RSF protests over ‘unscrupulous’ censorship, surveillance of journos

Graphic: RSF

On World Day Against Cyber-Censorship, Reporters Without Borders (RSF) released a report denouncing the readiness with which leading internet companies submit to the demands of authoritarian regimes in order to profit.

RSF is also concerned about the many cases of online surveillance of journalists and calls for the creation of binding international regulatory mechanisms.

The trade, plied by companies with expertise in cyber-surveillance, is lucrative but dubious.

RSF condemns the legal void that allows these companies to sell their products to regimes bent on online surveillance and censorship – just to increase their market share.

Recent revelations suggest that the Israeli company NSO is implicated in a case of arbitrary Mexican government surveillance of investigative journalist Rafael Cabrera.

Online surveillance constitutes a serious violation of media freedom.

According to a report published by Der Spiegel on February 25, Germany’s Federal Intelligence Service (BND) has spied on journalists with such international media outlets as the BBC, New York Times, and Reuters for years.

RSF also deplores the frequency with which Facebook posts and tweets are reportedly suppressed.

In Turkey, for example, Twitter deployed its local content management tool, which can be used to block access to a tweet or an account from within a given country.

After last July’s abortive coup, Twitter lost no time in complying with orders to censor the accounts of more than 20 journalists and media outlets. There is also concern about Facebook’s active cooperation with certain governments, its deletion of journalistic content, and its opaque content “moderation” policies.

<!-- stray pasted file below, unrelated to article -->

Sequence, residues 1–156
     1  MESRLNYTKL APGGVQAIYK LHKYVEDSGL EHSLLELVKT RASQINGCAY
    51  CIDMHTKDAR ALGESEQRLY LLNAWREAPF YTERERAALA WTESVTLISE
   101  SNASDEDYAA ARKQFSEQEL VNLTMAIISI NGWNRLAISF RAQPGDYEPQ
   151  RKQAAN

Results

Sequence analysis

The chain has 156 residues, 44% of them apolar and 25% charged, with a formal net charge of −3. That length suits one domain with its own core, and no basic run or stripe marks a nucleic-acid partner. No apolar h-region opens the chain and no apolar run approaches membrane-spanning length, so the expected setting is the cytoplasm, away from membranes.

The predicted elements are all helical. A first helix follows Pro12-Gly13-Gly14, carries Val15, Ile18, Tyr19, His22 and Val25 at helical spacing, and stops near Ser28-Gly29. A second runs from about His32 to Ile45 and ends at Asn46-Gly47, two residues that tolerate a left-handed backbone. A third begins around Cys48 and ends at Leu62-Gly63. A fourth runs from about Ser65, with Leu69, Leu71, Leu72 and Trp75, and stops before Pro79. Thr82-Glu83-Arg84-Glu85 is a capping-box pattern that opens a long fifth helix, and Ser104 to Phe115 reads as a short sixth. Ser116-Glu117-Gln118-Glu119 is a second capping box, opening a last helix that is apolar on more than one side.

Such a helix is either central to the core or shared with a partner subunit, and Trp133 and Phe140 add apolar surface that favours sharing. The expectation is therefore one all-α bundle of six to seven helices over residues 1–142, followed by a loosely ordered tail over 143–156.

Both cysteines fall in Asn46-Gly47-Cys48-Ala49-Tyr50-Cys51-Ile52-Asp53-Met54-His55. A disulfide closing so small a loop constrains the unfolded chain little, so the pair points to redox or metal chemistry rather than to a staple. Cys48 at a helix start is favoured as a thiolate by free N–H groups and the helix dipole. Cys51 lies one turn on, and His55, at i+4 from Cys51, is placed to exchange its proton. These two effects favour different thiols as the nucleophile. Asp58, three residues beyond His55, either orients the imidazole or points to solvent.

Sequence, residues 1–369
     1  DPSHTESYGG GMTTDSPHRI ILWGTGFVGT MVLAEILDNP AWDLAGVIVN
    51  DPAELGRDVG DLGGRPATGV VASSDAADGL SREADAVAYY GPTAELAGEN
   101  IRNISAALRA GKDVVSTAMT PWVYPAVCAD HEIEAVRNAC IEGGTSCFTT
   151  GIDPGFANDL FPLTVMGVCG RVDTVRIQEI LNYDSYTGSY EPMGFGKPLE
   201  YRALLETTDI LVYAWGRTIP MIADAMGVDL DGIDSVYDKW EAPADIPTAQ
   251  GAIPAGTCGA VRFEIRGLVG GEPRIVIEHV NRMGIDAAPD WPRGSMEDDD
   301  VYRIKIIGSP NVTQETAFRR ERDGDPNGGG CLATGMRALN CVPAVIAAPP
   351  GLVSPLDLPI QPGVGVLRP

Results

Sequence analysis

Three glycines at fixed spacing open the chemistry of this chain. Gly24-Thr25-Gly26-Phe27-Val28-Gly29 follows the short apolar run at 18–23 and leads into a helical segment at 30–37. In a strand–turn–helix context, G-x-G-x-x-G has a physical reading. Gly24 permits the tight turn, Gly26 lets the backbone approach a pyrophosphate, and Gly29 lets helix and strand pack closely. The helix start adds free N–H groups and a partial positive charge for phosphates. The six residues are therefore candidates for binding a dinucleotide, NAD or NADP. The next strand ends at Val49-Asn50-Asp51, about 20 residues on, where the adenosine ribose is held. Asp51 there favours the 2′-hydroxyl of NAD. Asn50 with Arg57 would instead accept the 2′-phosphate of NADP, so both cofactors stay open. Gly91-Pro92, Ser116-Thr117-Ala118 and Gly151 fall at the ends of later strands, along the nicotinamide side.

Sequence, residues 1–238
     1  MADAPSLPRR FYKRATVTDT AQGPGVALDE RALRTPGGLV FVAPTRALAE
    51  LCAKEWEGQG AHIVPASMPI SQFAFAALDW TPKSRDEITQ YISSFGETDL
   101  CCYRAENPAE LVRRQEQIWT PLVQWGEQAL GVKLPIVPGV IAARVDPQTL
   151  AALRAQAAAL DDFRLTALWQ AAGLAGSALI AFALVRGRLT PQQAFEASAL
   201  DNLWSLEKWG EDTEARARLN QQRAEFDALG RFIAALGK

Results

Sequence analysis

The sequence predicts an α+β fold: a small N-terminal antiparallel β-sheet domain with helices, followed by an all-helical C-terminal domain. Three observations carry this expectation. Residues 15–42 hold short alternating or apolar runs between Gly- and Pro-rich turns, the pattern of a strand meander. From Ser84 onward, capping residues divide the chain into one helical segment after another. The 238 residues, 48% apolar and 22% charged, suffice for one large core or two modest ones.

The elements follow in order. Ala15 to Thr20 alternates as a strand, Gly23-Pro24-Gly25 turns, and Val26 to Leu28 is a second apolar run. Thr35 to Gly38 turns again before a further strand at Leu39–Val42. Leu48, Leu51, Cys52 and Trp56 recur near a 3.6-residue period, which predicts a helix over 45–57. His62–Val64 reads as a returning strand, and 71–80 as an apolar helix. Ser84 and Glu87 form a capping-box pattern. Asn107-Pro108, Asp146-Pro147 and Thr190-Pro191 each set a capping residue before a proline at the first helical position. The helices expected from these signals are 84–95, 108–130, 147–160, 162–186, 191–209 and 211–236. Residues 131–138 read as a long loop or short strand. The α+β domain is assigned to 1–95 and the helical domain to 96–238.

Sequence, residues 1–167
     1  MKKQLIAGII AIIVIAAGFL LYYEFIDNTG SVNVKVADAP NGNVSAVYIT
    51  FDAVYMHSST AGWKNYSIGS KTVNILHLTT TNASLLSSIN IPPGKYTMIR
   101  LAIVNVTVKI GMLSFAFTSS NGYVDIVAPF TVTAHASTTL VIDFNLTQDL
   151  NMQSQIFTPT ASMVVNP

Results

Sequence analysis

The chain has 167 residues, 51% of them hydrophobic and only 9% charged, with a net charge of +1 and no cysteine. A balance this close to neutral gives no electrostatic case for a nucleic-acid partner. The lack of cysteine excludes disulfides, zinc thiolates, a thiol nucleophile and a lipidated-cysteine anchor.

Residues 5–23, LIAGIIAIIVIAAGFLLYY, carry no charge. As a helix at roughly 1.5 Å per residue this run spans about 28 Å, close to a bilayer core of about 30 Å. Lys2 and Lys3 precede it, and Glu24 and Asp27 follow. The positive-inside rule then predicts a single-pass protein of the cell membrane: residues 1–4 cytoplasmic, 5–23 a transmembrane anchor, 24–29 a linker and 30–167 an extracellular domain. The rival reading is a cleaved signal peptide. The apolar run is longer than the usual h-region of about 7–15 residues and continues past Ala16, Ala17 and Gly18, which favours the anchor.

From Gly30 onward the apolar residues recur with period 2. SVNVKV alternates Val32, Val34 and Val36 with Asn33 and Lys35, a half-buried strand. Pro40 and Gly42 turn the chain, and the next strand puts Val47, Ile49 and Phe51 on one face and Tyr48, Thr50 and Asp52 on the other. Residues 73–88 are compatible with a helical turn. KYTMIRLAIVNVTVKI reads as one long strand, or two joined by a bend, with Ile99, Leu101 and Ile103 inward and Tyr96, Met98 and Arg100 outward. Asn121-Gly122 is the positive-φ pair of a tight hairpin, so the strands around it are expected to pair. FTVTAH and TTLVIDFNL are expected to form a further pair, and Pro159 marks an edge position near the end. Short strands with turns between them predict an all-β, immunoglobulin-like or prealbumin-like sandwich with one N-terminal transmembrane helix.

The examples include the fan page of ARA News, a website that covers developments in Syria, Iraq, Turkey, and other parts of the Middle East. Facebook blocked the site for several days last December without explanation.

#CollateralFreedom: five censored sites unblocked by RSF

On World Day Against Cyber-Censorship, RSF is also pleased to report that it has embarked on Operation Collateral Freedom #3, with the goal of making online information accessible in countries where it is censored and deterring “Enemies of the internet” from blocking news websites.

After unblocking access to 11 websites in 2015 and six others in 2016, this operation has created alternative access to five more news websites that are blocked in their country of origin: Ozguruz (the well-known Turkish journalist Can Dündar’s new site) in Turkey, Azathabar in Turkmenistan, Meydan TV, reporting on Azerbaijan from exile, Doha News in Qatar, and Alqst in Saudi Arabia.

This operation is based on the technique of mirroring. RSF uses the hosting services of such major companies such as Fastly, Amazon, Microsoft, and Google to create duplicates or “mirrors” of the censored sites.

“Enemies of the Internet” cannot block access to the mirrors without a collateral impact on their own access to these internet giants, hence the operation’s name – Collateral Freedom.

An extension for the Chrome browser created in 2016 facilitates access to the #CollateralFreedom mirror sites.

When someone tries to access one of the original websites from within a country where it is blocked, the icon of the “RSF Censorship Detector” app appears if the extension is installed.

Clicking on this icon automatically redirects the user to RSF’s unblocked mirror site.

RSF has to buy bandwidth to keep the mirror sites accessible. The more they are visited, the faster this bandwidth is used up.

RSF asks all internet users to help pay for this bandwidth in order to prolong access to the mirrors.

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